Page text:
My wife doesn’t like mess, so over the years I’ve moved a lot of stuff under the house. I’ve always intended to go through it and work out what’s worth keeping and what’s just junk but, as I’m a busy man, I just never get around to it.
Anyway, there’s this company who came along and said that they’ll take all the stuff, sort through it, sell what’s valuable and they’ll give me some of the money.
Well, this is a pretty good deal, right? I mean, I’ll never do actually do anything with it myself, so getting some money is better than no money. They estimate that it could be worth thousands of dollars. Millions even, depending on whether anyone actually wants to buy my early poetry and diaries from last century. But failing that, my eighties memorabilia is a hot item and they’ll have no trouble selling it.
I’ve agreed, but my wife is proving harder to convince. She’s a little upset because, in order to move the stuff, they want to build a path through our backyard.
“They’ll ruin the garden,” she told me, but I assured her that they’ve promised to restore the garden just as soon as they’ve got all the stuff.
“And they’re going to pay for the path through our garden,” I told her. “We only have to lend them the money.”
“Why do we have to lend them the money?” she wanted to know.
“Well, you don’t expect a bank to lend them the money, do you? Besides, a bank would make them pay interest and they don’t want to do that!”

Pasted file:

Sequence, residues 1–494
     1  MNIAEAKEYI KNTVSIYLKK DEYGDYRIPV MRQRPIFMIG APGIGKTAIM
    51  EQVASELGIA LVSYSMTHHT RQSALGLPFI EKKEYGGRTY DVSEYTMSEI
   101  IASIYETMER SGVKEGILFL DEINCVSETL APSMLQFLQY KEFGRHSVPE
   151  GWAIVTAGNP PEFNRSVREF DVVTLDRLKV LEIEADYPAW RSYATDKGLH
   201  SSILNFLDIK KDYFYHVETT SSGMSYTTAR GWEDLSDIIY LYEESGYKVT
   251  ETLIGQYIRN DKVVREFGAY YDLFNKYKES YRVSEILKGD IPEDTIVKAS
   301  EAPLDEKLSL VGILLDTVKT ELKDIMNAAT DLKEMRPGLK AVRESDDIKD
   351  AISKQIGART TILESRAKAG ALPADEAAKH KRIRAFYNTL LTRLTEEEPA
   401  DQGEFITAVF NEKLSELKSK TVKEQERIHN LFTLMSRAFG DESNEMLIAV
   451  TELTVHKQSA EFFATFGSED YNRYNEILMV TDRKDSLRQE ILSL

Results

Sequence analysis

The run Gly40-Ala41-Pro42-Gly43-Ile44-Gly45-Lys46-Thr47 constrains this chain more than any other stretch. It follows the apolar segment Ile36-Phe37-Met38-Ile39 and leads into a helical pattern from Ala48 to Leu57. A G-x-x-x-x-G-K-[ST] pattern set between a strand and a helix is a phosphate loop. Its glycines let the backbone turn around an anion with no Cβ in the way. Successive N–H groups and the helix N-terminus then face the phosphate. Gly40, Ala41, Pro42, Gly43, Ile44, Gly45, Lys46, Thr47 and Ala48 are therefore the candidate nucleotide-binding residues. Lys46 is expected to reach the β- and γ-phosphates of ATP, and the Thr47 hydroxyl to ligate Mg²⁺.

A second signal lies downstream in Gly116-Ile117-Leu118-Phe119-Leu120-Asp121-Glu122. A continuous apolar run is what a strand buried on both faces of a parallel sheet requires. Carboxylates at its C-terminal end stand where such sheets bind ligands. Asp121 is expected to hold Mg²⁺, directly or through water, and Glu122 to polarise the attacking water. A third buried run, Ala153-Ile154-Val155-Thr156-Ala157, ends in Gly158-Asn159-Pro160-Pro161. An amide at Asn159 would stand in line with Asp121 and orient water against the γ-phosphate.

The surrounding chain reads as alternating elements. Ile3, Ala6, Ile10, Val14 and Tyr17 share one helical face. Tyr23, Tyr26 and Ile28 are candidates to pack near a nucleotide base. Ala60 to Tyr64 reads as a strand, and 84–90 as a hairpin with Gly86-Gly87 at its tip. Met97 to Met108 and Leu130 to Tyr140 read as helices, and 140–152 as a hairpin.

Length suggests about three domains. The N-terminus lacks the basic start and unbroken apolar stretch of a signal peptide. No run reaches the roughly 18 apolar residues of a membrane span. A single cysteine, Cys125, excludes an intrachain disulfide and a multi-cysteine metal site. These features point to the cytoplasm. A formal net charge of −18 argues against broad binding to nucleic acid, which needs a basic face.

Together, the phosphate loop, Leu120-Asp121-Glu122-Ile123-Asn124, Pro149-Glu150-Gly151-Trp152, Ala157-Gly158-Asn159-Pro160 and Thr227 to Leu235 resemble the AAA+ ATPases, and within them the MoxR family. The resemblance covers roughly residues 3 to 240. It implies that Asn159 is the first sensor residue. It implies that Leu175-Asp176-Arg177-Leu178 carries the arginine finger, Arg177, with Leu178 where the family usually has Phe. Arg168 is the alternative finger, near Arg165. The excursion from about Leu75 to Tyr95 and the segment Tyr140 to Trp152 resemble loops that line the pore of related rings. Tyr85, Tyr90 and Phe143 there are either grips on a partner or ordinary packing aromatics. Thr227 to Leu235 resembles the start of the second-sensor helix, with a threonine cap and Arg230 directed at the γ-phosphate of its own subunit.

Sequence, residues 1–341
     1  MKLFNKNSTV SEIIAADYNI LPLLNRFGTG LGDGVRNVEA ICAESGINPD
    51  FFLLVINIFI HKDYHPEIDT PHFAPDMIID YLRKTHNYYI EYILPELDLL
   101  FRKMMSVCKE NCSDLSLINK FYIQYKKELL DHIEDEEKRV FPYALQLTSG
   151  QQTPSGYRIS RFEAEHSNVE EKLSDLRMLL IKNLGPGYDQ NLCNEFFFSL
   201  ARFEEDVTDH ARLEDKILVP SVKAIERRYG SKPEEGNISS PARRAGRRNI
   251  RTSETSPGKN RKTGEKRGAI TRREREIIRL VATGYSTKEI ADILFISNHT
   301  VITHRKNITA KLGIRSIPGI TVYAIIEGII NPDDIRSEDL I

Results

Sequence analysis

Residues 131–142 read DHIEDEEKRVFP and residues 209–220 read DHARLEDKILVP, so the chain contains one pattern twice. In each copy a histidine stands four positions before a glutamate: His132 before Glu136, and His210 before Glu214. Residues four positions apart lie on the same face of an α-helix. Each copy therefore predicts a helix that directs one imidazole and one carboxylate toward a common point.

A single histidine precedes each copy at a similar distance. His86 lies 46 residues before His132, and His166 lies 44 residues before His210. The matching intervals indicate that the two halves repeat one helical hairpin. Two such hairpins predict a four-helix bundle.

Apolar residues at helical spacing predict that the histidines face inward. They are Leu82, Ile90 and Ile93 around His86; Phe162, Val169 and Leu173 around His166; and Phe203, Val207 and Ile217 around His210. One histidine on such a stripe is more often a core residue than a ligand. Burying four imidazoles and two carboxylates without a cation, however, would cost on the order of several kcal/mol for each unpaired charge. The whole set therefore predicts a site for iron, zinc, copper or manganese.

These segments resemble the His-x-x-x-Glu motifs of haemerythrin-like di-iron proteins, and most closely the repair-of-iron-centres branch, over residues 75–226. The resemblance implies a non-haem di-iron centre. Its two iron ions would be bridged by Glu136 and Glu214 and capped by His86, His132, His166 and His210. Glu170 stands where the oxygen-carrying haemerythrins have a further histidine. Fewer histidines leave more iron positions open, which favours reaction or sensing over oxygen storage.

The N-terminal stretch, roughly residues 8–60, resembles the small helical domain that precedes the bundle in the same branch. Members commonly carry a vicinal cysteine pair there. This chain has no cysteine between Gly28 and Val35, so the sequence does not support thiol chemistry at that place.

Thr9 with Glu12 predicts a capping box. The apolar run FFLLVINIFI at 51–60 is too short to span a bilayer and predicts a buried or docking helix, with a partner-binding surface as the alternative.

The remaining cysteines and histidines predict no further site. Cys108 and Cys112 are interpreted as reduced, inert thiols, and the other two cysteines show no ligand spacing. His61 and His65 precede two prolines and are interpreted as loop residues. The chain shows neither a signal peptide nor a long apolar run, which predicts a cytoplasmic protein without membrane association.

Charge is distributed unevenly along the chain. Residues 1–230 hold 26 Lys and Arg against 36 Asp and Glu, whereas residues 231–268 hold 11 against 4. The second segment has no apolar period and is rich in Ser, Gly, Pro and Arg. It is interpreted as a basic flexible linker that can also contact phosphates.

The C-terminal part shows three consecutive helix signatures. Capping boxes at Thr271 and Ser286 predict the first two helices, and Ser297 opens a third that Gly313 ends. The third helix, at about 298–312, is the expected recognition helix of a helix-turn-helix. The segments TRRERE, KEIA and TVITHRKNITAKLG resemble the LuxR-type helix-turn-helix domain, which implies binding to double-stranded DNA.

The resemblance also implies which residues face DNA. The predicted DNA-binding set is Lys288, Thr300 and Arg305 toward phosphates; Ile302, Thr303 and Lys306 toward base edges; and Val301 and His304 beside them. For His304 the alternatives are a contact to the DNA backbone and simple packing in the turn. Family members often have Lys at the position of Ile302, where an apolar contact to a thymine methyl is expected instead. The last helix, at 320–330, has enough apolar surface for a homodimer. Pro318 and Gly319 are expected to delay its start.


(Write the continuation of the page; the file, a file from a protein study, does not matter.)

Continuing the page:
Then she wanted to know how much we’d be getting.
“Well, I told them that a royalty of five dollars a day would be enough… But they don’t want to pay anything for the first month, because they’ll be setting up then and they’re not expecting to make money straight away… I didn’t agree to that, of course! I told them that they’d have to pay twenty cents a day from the moment that they’ve laid the path.”
My wife still didn’t think that it seemed like a good deal.
“Look,” I told her. “we’ve still got a mortgage and I’m only working part-time. Our son’s looking for more work. The company has told me that there’ll be dozens of jobs and that should help us all.”
“If you two are going to be doing the work anyway, why don’t you just do it and keep all the profit for yourself?” she wanted to know.
I patiently explained that we didn’t have the expertise.
She was silent for a moment. “Ok, but how do you know that you can trust this company?”
I told her the name, and she looked them up on the internet.
“They’ve been involved in some very dubious practises,” she informed me. “They’re under investigation for fraud and corruption charges.”
“But that shouldn’t be a problem. That was in another country.”
“Oh well, in that case, there’s no problem. Let’s tell them they can start tomorrow.”
“Unfortunately, we still have to get permission from our next door neighbours because they’ll have to knock down their fence and garden as well. And you know how they keep trying to tell us that their garden is… I don’t know, spiritual or something… We may have to get the law changed so that it can’t be blocked by people opposed to selling relics from the twentieth century. I mean, some people are just opposed to progress.”
“Perhaps you should go and explain to them how important this is and how they may get jobs from it.”
“No, they seem to think that some things are more important than jobs and money.”
“Well, they’re right. Some things are more important than that.”
I stopped the conversation there. There was no point continuing if my wife was just going to be irrational.